The Western Cape department of agriculture has launched a R78-million Holsloot river weir project which is set to benefit 150 farming households near Rawsonville.
The Holsloot weir is a river protection intervention aimed at ensuring functioning ecosystems.
According to Rudolph Röscher, the province’s district manager in the Cape Winelands, the weir provides an agricultural and environmental solution to the ecological damage caused by several severe floods over the years, alien invasive plants, and maintenance performed within the river as a result of pumps being washed away by floods.
In a media release, Röscher explains the Western Cape department of agriculture’s sustainable resource use and management programme facilitated support to the Holsloot Water User’s Association utilising the principles of area-wide planning.
“The outcome of this is the development of a river maintenance management plan. Using the principles of payment for ecosystem services, the Holsloot Water User Association has included the cost for the alien clearing in their water tariff that the individual farmers successfully adopted along the Holsloot River.”
Röscher adds, “Individual farmers and landowners will actively implement alien infestation clearing projects to restore the Holsloot River along the riparian zone the project.”
Project welcomed with open arms
The Western Cape’s minister for agriculture, Dr Ivan Meyer, handed the multi-million Rand project over to the Holsloot Water User Association to operate.
Speaking at the official opening and handover, Meyer congratulated the project team consisting of officials in his department, Stellenbosch University, Ingerop Consulting Engineers, JVC Construction and implementing agent CASIDRA.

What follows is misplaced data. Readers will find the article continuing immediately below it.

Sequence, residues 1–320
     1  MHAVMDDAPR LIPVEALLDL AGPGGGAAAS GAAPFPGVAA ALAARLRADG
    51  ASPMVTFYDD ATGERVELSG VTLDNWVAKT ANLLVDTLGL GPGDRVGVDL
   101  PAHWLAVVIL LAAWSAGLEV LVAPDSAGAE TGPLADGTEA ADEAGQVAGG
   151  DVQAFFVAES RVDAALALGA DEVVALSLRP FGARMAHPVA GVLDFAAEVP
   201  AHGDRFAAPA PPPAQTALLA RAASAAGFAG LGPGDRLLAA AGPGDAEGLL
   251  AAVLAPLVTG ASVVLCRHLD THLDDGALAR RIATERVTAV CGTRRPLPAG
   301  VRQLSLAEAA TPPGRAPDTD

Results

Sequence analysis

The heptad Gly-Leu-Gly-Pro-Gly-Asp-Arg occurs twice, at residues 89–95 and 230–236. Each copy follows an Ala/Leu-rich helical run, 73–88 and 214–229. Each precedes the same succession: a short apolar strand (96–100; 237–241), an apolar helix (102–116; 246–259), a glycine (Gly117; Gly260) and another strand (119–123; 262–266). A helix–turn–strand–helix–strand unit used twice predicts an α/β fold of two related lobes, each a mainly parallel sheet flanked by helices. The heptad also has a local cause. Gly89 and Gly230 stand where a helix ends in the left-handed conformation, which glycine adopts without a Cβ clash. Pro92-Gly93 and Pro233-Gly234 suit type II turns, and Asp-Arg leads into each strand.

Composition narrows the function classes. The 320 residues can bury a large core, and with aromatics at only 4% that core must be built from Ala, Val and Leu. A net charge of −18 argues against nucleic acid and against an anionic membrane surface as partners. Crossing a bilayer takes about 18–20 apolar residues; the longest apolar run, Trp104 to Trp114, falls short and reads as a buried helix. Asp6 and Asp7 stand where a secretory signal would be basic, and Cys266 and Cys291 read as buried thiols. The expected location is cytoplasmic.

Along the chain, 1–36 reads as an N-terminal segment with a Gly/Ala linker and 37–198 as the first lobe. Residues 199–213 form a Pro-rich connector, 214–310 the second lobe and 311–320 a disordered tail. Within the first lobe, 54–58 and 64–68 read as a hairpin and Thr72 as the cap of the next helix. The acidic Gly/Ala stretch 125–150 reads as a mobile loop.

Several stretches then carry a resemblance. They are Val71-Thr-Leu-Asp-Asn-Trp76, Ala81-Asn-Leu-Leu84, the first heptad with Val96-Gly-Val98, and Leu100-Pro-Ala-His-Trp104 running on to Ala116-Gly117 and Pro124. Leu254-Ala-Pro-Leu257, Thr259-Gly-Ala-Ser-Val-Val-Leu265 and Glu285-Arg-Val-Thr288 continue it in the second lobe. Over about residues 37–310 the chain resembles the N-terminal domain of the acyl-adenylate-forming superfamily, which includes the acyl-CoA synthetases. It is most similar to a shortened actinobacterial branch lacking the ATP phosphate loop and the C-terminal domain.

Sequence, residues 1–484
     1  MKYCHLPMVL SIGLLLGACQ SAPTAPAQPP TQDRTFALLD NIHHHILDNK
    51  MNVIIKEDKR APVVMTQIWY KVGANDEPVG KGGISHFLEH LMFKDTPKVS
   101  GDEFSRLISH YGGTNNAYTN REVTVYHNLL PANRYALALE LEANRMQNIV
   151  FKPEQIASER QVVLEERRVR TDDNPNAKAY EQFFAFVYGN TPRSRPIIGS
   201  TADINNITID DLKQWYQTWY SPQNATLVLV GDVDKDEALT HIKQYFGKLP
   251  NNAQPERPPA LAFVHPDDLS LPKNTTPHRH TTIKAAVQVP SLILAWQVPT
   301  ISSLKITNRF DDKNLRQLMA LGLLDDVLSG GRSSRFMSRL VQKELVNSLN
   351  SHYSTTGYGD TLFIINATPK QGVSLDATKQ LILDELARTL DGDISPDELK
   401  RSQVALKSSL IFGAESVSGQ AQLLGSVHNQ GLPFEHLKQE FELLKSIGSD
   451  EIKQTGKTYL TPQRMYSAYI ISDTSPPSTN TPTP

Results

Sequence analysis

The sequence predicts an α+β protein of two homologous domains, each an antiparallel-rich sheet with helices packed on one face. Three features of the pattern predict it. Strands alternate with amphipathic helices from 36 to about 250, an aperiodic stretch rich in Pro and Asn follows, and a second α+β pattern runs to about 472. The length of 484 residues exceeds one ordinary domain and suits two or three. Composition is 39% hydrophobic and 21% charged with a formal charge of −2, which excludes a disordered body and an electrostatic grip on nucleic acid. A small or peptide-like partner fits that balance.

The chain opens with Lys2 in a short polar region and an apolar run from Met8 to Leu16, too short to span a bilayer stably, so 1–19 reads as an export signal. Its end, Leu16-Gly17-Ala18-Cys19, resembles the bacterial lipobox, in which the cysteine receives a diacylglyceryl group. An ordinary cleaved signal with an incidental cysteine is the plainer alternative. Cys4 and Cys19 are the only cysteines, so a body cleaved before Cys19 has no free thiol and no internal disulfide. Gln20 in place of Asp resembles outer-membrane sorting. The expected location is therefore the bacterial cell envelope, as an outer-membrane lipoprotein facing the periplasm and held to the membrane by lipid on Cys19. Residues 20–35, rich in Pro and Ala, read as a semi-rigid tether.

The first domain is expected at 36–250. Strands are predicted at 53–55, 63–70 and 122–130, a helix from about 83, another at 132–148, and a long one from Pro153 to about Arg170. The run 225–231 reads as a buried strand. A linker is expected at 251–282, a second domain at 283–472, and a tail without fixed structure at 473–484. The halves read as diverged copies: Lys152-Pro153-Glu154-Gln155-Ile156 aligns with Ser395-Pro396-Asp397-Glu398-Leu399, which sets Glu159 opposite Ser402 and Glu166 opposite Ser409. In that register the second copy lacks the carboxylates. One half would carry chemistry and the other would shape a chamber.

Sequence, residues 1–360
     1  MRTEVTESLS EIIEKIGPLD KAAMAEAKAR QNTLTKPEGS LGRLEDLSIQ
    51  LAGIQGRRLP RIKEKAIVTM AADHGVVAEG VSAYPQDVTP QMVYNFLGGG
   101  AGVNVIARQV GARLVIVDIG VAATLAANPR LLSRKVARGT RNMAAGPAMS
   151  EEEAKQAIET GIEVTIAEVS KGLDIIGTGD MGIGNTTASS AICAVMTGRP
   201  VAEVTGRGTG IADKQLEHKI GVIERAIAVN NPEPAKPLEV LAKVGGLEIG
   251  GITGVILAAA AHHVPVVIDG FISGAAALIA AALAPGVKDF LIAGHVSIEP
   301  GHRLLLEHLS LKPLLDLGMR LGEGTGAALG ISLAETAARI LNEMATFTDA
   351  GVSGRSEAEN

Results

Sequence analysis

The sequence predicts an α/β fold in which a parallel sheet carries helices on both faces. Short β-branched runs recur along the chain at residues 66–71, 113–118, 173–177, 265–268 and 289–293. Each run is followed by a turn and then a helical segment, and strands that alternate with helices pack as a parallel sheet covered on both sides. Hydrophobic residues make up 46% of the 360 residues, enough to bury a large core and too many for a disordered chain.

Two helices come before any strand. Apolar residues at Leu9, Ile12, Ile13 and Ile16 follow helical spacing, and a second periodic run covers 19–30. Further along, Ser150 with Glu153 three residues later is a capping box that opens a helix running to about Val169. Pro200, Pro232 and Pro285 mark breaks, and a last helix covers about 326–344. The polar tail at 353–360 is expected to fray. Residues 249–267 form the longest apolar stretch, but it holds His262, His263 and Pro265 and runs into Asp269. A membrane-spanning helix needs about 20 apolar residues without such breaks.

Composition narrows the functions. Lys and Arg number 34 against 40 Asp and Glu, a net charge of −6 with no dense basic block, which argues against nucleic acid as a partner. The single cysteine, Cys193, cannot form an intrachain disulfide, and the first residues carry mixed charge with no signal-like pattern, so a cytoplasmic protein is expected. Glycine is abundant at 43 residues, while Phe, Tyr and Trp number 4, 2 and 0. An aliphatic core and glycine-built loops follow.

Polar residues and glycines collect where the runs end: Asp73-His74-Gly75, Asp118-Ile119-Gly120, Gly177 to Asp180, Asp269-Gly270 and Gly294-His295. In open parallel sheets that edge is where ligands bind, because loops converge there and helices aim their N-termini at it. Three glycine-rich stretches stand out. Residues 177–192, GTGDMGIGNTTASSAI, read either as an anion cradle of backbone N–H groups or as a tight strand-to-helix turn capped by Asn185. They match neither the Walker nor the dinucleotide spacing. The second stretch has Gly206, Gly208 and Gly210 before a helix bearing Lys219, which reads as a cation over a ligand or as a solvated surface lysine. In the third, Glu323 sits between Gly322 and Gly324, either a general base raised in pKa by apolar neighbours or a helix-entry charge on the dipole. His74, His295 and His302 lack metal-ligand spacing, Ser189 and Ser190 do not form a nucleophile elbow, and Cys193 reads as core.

In his opening of the river weir, Meyer said the project culminated from the provincial government’s infrastructure-led growth strategy.
“This specific project aims to mitigate the impacts of change climate. Completing the project was possible because competent and committed officials and partners affected the project’s design, scope, implementation, and construction.
“The project will directly impact approximately 150 farming households and 4000ha of mainly wine grapes under irrigation.”
Ettiene Weidemann of the HWUA highlights that, unlike in the past, they now have a measured river.
“We now know how much water goes where. We also have less movement of sediment in the river, which improves the flow of the water. The building of the weir is a great example of what a functioning government can do for its people.”
Meyer adds, “I am pleased that the Holsloot project focuses on restoring ecological infrastructure as it supports increased productivity and socio-ecological resilience. The project also improves water security and job creation. The maintenance management plan ensures the sustainably of the project.”